Thursday, April 8, 2010

shakshuka

shakshuka

There are a lot of reasons to make shakshuka, an Israeli Tunisian dish of eggs poached in a spicy tomato sauce: It sounds like the name of a comic book hero. Or some kind of fierce, long-forgotten martial art. Or perhaps something that said comic book hero would yell as they practiced this elaborate martial art, mid-leap with their fist in the air.

peppers, garlic, onion and tomatoes
garlic, chiles and onion

Or you could make it because when I talked about making eggs in tomato sauce a while back a large handful of comments were along the lines of “oh, this sounds like shakshuka” and “I think you would love shakshuka” and “you really should make shakshuka” and you may have shrugged and forgotten about it until you finally had it at a café one day and whoa it turns out you really would like shakshuka!

peppers and onions

Or you could make it because that café had the audacity to close for Passover last week, right when you had the fiercest shakshuka craving yet. I mean, couldn’t they just not serve it with pitas? Must I eventually be forced to make everything myself? Can’t I just have one thing that I let other people make perfectly for me, every time? No, I could not. Not if I wanted to eat what I really wanted to eat.

kicky tomato sauce

Thus, I suggest you make it because it turns out that it tastes really, really good from your own kitchen. Fantastically good. And not only is it easy to make, it’s budget-friendly, waistline-friendly and no-time-to-cook friendly. It could be a weekend brunch or a weekday dinner or lunch or a “I can’t believe we are being assaulted with a snowstorm in April!” consolation prize. It could be part of an Middle Eastern dinner party, replete with homemade salad, pitas and hummus or it could be a “my favorite takeout joint had the nerve to close for a holiday!” pity party. But I’ll warn you: me and my little buddy walked by the café today and breathed a sigh of relief that it had reopened so I could be freed from making my own lunch once again. And then I remembered how good the homemade shakshuka had been. And I kept on walking, kicking myself for always going and creating more work for myself. I never learn.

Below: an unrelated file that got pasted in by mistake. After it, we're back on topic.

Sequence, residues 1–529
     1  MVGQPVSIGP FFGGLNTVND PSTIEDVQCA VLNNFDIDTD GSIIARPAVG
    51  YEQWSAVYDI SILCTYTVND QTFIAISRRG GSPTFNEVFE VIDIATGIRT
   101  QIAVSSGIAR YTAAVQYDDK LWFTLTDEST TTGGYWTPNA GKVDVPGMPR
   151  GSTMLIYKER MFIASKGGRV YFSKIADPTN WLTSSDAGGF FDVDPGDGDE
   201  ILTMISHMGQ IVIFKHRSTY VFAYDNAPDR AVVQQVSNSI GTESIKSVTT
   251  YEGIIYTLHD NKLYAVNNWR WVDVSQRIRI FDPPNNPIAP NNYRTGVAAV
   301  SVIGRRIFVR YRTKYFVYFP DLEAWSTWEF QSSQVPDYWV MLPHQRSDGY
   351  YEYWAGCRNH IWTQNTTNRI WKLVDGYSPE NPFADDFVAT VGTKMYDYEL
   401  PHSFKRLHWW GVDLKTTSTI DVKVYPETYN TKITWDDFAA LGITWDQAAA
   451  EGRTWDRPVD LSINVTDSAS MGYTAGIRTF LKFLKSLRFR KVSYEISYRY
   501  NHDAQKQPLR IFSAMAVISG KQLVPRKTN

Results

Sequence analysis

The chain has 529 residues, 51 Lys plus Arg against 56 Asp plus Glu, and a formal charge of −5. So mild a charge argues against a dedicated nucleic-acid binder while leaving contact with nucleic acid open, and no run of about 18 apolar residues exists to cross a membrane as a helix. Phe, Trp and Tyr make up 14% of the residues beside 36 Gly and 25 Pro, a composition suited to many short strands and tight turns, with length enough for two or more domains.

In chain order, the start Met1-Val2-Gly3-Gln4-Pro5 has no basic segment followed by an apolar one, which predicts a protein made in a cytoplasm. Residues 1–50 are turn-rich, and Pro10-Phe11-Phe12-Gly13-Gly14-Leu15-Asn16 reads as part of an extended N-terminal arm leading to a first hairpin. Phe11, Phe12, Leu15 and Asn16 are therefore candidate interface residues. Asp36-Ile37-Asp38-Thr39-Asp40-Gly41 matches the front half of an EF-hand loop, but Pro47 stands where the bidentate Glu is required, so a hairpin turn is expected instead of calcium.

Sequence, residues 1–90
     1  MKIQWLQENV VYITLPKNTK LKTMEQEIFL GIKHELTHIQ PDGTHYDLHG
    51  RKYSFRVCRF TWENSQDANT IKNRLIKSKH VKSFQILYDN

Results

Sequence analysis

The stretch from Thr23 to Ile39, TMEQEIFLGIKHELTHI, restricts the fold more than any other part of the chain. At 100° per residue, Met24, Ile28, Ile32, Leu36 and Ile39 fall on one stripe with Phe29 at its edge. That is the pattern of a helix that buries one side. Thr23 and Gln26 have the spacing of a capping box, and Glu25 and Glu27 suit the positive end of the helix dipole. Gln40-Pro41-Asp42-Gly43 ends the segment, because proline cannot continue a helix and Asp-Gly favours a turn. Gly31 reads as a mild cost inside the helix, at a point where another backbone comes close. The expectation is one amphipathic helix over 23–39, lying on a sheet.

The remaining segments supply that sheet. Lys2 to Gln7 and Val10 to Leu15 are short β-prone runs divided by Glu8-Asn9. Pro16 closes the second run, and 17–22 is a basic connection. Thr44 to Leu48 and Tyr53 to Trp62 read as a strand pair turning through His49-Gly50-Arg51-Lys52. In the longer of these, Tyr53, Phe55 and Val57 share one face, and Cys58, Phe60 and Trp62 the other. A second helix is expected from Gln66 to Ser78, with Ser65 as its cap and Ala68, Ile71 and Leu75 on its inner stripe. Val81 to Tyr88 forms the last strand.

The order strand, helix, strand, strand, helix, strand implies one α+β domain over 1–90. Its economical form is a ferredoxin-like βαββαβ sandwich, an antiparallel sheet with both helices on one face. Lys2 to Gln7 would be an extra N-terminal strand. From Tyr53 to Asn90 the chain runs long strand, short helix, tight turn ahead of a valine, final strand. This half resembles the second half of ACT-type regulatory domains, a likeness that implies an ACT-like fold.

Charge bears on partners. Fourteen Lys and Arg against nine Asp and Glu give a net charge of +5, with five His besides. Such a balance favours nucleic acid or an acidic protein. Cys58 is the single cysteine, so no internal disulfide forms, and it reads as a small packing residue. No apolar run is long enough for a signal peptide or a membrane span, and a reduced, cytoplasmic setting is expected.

shakshuka!

Two years ago: Fork-Crushed Purple Potatoes
Three years ago: Potato Rosemary Bread

Shakshuka [Eggs Poached in Spicy Tomato Sauce]
Adapted from Saveur

Serves 4 to 6

1/4 cup olive oil
5 Anaheim chiles or 3 jalapeños, stemmed, seeded, and finely chopped (I was nervous and only used 2 Anaheims; I would go for 3 or 4 next time for a more moderate but still gentle kick)
1 small yellow onion, chopped
5 cloves garlic, crushed then sliced
1 teaspoon ground cumin
1 tablespoon paprika
1 28-ounce can whole peeled tomatoes, undrained
Kosher salt, to taste
6 eggs
1/2 cup feta cheese, crumbled
1 tablespoon chopped flat-leaf parsley
Warm pitas, for serving

Heat oil in a 12-inch skillet over medium-high heat. Add chiles and onions and cook, stirring occasionally, until soft and golden brown, about 6 minutes. Add garlic, cumin, and paprika, and cook, stirring frequently, until garlic is soft, about 2 more minutes.

Put tomatoes and their liquid into a medium bowl and crush with your hands. Add crushed tomatoes and their liquid to skillet along with 1/2 cup water, reduce heat to medium, and simmer, stirring occasionally, until thickened slightly, about 15 minutes. Season sauce with salt.

Crack eggs over sauce so that eggs are evenly distributed across sauce’s surface. Cover skillet and cook until yolks are just set, about 5 minutes. Using a spoon, baste the whites of the eggs with tomato mixture, being careful not to disturb the yolk. Sprinkle shakshuka with feta and parsley and serve with pitas, for dipping.


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